What does election and predestination mean?
Both election and predestination refer to God’s choosing those who will be saved, but the latter term is used in a broader sense as well. This is a difficult biblical doctrine to understand so serious digging into Scripture is required. One could brashly say, “Well, for God to be God he must be sovereign over all things, including our salvation,” but that seldom satisfies, so let’s wade in more slowly.
A Matter of Perspective
When we look at the terms election and predestination, we are delving into the core of God’s Word by which God provides a glimpse of salvation from his perspective. Much of what we read in Scripture addresses us from our perspective, what we need to believe and do. Concerning salvation people come to Christ in many different ways with many different experiences, some quickly, others over a period of time. And regardless of the experience, people sense that they have chosen to follow Christ, and indeed they have, even as Joshua did (Joshua 24:15). But from God’s perspective, he chooses or elects, or predestines his people for his own glory so that his saving purpose will be manifest in them (Romans 8:29-30).
This presents a paradox, but we believe the lines of God’s sovereignty and our responsibility do actually meet somewhere beyond the scope of our understanding. The Great Reformation theologian John Calvin warned that those who “inquire into predestination…are penetrating the sacred precincts of divine wisdom. If anyone with carefree assurance breaks into this place, he will not succeed in satisfying his curiosity and he will enter a labyrinth from which he can find no exit” (Calvin, Instit. 3.21.1). So what are we to do?
Elect and Chosen
One must first understand and appreciate God’s sovereignty, his supreme authority and absolute power over all things, as well as God’s providence, his active control and care of all things. The term “elect” refers to those whom God has chosen throughout time (Matthew 24:22, 24, 31; Romans 8:33; 9:11; Colossians 3:12). Even as God “set his love on” and “chose” the Israelites (Deuteronomy 7:7; 10:15) not due to any good in them, so he has likewise chosen all of his people (1 Corinthians 1:27-29; 2 Thessalonians 2:13). In the same way that Scripture says, “We love because he first loved us” (1 John 4:19 ESV), this doctrine says that we choose God because he first chose us.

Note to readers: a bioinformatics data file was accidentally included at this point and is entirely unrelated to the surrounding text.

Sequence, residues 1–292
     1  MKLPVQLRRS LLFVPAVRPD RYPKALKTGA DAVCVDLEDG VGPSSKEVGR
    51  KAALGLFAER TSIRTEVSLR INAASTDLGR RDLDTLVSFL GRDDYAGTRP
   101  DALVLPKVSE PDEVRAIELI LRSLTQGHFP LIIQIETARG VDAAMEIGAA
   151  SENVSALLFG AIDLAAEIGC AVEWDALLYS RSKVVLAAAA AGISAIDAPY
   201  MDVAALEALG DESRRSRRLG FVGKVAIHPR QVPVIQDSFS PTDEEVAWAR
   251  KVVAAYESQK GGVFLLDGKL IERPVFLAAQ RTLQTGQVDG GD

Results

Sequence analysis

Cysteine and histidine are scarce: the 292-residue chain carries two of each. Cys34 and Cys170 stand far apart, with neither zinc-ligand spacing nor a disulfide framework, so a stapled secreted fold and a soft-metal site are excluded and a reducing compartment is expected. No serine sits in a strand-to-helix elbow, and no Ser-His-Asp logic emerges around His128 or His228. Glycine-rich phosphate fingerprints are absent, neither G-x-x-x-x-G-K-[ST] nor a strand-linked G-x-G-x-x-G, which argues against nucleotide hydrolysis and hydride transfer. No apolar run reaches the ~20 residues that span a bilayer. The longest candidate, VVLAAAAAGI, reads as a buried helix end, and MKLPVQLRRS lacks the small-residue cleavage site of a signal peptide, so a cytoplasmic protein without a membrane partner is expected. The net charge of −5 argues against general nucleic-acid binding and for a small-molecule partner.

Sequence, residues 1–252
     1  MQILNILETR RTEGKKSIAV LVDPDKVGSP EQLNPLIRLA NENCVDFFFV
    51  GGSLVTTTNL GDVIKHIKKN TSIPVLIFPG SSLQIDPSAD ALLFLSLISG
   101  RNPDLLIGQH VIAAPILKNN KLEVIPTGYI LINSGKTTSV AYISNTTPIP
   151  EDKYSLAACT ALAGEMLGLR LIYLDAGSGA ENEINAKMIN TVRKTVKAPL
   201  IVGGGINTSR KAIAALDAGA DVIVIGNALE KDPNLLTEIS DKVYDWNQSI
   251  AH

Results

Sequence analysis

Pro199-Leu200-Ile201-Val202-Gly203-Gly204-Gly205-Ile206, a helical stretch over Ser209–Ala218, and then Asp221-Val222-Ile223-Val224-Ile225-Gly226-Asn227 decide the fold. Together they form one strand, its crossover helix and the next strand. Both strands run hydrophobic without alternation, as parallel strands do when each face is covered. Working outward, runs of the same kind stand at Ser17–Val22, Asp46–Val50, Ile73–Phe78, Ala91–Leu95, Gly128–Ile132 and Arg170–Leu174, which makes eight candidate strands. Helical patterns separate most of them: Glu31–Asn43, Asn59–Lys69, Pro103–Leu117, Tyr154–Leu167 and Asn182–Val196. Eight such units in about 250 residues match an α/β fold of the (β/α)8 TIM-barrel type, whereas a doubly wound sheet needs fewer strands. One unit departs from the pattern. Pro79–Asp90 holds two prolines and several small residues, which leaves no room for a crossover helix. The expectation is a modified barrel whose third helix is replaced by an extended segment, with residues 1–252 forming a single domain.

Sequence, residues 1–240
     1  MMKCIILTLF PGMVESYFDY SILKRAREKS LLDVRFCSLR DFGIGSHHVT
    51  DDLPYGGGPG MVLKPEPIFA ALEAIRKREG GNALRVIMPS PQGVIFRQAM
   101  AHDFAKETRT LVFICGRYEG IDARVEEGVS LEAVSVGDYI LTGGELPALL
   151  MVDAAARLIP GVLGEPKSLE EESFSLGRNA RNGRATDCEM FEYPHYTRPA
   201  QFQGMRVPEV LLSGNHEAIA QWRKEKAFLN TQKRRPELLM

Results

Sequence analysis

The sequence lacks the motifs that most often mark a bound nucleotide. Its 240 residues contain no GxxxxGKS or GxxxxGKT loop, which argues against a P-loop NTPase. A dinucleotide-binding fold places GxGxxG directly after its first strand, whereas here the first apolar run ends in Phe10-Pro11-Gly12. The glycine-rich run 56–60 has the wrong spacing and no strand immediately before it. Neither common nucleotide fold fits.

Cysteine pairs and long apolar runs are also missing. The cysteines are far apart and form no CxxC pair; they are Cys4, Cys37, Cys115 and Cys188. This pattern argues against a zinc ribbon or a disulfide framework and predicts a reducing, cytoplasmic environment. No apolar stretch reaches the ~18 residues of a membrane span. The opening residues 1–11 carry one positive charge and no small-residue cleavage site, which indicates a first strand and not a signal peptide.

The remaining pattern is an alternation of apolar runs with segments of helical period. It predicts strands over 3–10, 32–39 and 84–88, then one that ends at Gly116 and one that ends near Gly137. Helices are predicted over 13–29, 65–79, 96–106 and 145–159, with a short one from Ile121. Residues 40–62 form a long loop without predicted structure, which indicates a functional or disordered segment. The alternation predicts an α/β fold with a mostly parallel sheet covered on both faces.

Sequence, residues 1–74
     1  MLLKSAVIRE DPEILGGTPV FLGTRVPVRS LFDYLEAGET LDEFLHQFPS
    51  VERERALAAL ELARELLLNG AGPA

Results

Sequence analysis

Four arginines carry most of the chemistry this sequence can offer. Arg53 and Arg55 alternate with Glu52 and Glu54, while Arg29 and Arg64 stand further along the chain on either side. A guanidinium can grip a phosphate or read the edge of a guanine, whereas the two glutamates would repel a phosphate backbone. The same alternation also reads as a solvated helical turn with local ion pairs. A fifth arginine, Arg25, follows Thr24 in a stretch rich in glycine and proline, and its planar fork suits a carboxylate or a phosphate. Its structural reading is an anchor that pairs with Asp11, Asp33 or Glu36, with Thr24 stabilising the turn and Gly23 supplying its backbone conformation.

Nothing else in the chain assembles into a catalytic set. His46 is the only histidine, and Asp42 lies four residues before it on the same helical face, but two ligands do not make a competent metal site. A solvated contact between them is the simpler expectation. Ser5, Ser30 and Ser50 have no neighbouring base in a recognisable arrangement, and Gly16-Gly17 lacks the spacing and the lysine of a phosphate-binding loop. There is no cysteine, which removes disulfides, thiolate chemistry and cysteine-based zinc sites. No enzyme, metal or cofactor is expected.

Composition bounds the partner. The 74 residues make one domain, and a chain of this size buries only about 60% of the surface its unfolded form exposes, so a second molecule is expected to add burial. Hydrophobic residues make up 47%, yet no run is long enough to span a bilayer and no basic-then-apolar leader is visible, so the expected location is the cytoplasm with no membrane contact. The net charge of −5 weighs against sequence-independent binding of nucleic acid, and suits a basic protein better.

The word “predestined” has both a broad and narrow meaning. In the narrow sense it refers to the election of all who will be saved (Romans 8:29-30; Ephesians 1:5, 11). In the broader sense predestine refers to all things, including God’s plan (1 Corinthians 2:7) and the crucifixion of Christ (Acts 2:23; 4:28). God’s sovereign oversight of all things, his providence, is found throughout Scripture most prominently in the story of Joseph (Genesis 45:5-8) and in clear passages such as Job 14:5 and Isaiah 14:24, 26-27. This broader sense is the most difficult and misunderstood, but be assured that people have a free will and therefore are responsible for their sins.
Perhaps the clearest passage that states the doctrine of election is in Acts 13 during Paul’s first missionary journey. When the gospel is rejected by the Jews, Paul and Barnabas announce that they are going to preach to the Gentiles who rejoice at the news. Luke then states in verse 48 that “as many as were appointed to eternal life believed.” Here we have in a nutshell both God’s perspective of appointing (election) and our perspective of believing (see also John 6:37).
So how does God bring this about that some believe while others do not? Turn again to Acts and chapter sixteen which tells of the beginning of Paul’s second journey when he was in Philippi While addressing a group of women gathered for prayer including one named Lydia, we read that “the Lord opened her heart” (v. 14). God uses many ways to open and regenerate hearts (Ephesians 2:1-9; Titus 3:5) and he entreats us to be a part of that through our witness and prayers.
Knowing that God chose us and then saved us by his grace means there is no room for boasting in heaven (1 Corinthians 1:29, 31; Ephesians 2:8-9). Soli Deo Gloria – Glory to God alone! Instead we are filled with humility, gratitude, and love. Predestination is definitely one of “the secret things” of Deuteronomy 29:29 for in this life we see dimly and only in part, but one day we shall know fully (1 Corinthians 13:12).
Have your own theology questions? Get your questions answered by emailing firstname.lastname@example.org using the subject line “Dear Theophilus.” To learn more about GCU’s College of Theology visit our website or use the request more information button at the top of the page. If you feel called to a life of ministry, visit our Theology and Ministry degree page.
Calvin, J. (1960). Calvin: institutes of the Christian religion. (F. L. Battles, Trans., J. T. McNeill, Ed.). Philadelphia: Westminster Press.